Get live, expert, assistive technology news and advice without leaving your desk!

Want to update your assistive technology knowledge and speak to experienced trainers, but finding that getting time away from work is an issue?

Catch up with the latest assistive technology news and pose questions to the BRITE team at our monthly online drop-in sessions.

These informal sessions take place at lunchtime on the last Friday of the month during term time.

Everyone with an interest is welcome, from beginners to more experienced practitioners. Attendance is free and, as it is online, numbers are unlimited.

For a flavour of what to expect, check out this recording of a previous AT drop-in which looked at phone accessibility, mobile Braille solutions, and news from the world’s largest assistive technology event, CSUN. Other sessions have covered topics as diverse as JAWS screenreading software and tips for getting the most from iPads in an educational setting.

Join us at the next session on Friday 27th April by visiting http://brite.adobeconnect.com/at_webinar from 12.15 on the day. During this month’s webinar, we will be discussing:

  • Digital recording
  • Methods of recording
  • Considerations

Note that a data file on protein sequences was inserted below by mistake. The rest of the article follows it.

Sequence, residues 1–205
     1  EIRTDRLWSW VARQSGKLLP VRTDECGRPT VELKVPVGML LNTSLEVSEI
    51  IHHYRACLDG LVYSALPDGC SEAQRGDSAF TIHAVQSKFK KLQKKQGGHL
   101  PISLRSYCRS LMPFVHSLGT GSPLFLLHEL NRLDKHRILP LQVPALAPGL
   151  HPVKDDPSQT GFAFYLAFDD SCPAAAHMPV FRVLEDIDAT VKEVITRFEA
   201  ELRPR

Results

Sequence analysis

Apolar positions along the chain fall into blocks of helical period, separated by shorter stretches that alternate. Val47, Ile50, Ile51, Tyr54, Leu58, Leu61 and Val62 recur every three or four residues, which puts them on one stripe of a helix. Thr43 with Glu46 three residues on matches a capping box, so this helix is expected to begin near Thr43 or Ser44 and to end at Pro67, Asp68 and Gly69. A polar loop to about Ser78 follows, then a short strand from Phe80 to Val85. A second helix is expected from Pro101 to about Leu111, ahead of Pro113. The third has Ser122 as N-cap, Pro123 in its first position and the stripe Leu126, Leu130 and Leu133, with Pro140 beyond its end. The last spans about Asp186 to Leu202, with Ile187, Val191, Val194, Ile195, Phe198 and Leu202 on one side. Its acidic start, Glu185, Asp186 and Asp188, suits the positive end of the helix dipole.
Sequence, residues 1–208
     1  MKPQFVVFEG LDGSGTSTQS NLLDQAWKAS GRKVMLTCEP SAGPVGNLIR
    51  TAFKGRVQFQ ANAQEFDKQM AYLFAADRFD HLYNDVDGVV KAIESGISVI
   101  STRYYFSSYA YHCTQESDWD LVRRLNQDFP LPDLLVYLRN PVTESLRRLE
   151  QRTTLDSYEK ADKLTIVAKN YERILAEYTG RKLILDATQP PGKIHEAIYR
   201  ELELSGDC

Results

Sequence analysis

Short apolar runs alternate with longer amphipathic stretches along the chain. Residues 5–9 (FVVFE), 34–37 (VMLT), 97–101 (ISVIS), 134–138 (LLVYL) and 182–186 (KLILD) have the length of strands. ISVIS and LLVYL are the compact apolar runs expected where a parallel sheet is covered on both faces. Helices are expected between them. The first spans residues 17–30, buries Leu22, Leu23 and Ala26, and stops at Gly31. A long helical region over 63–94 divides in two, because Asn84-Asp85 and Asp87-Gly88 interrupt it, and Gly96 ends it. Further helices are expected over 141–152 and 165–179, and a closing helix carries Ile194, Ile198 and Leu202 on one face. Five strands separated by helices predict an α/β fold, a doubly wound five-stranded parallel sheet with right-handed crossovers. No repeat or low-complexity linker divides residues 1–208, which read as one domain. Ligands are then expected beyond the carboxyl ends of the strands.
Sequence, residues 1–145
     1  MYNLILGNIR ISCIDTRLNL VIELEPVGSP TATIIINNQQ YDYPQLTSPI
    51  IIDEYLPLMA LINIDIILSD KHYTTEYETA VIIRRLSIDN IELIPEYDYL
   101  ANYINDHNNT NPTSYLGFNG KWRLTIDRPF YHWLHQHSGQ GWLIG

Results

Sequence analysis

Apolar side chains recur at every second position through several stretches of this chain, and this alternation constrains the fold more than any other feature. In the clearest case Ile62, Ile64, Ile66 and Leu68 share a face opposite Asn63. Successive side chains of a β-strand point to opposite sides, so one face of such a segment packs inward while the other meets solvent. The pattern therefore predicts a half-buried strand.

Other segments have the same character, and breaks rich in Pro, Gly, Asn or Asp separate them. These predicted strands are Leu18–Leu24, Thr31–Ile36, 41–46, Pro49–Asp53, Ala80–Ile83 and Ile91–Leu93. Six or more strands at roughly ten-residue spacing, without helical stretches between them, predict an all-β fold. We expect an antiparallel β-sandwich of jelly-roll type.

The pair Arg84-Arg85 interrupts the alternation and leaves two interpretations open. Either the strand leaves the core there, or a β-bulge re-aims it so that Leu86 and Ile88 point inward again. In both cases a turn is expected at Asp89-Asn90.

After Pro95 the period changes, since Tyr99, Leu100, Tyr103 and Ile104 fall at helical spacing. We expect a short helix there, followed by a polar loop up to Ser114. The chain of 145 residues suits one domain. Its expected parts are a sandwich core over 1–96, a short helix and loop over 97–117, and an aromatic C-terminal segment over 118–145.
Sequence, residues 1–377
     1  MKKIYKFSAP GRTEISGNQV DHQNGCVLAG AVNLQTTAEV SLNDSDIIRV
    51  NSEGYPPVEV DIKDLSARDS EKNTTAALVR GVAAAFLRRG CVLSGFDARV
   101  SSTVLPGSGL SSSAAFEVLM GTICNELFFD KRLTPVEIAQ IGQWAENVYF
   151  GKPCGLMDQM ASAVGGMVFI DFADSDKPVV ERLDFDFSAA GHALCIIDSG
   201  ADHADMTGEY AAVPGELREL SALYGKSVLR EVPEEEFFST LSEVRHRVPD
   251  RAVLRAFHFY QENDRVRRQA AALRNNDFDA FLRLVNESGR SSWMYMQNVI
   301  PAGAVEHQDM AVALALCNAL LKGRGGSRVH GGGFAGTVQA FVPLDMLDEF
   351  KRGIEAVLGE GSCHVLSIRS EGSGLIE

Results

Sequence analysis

• Tips and tricks
  • Latest assistive technology news

Please ensure that you have an internet connection, headset, and a recent version of Flash installed.

This webpage will enable you to check that your computer is ready to access the learning environment.

Drop-in sessions are facilitated by Adobe Connect Pro, the same high-quality platform that we use to deliver the virtual versions of our accredited courses on facilitating inclusive learning strategies, needs assessment practice, and skills for educational support workers. Find out more about our courses on our website.

Seminar review: Make It Accessible

BRITE recently joined JISC to facilitate two seminars which  focussed on creating accessible formats.

A number of further and higher education institutions were represented, with staff from both marketing and learning support backgrounds in attendance. Employees from schools and City of Edinburgh Libraries also featured in the groups, demonstrating how vital it is to be able to provide accessible information in a range of environments.

Make It Accessible introduced essential tips to make printed information accessible to readers with visual impairments or dyslexia.

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Free VI Technology Events in April

HumanWare VictorReader Stream Sight Village Scotland presents an opportunity to learn about the latest technology for people who are blind, or who have low vision.